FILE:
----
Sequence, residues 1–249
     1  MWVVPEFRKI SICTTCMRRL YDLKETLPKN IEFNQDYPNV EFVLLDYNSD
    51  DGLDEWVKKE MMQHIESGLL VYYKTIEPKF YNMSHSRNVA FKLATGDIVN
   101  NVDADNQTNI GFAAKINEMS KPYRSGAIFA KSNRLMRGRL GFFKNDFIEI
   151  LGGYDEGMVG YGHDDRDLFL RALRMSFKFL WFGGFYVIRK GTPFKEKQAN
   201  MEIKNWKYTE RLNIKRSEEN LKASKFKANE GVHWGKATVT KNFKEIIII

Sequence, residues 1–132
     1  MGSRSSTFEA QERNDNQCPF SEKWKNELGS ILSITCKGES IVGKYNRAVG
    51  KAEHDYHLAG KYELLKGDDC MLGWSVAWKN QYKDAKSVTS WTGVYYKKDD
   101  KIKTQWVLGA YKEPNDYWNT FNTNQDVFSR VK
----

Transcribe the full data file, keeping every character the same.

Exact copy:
Sequence, residues 1–249
     1  MWVVPEFRKI SICTTCMRRL YDLKETLPKN IEFNQDYPNV EFVLLDYNSD
    51  DGLDEWVKKE MMQHIESGLL VYYKTIEPKF YNMSHSRNVA FKLATGDIVN
   101  NVDADNQTNI GFAAKINEMS KPYRSGAIFA KSNRLMRGRL GFFKNDFIEI
   151  LGGYDEGMVG YGHDDRDLFL RALRMSFKFL WFGGFYVIRK GTPFKEKQAN
   201  MEIKNWKYTE RLNIKRSEEN LKASKFKANE GVHWGKATVT KNFKEIIII

Sequence, residues 1–132
     1  MGSRSSTFEA QERNDNQCPF SEKWKNELGS ILSITCKGES IVGKYNRAVG
    51  KAEHDYHLAG KYELLKGDDC MLGWSVAWKN QYKDAKSVTS WTGVYYKKDD
   101  KIKTQWVLGA YKEPNDYWNT FNTNQDVFSR VK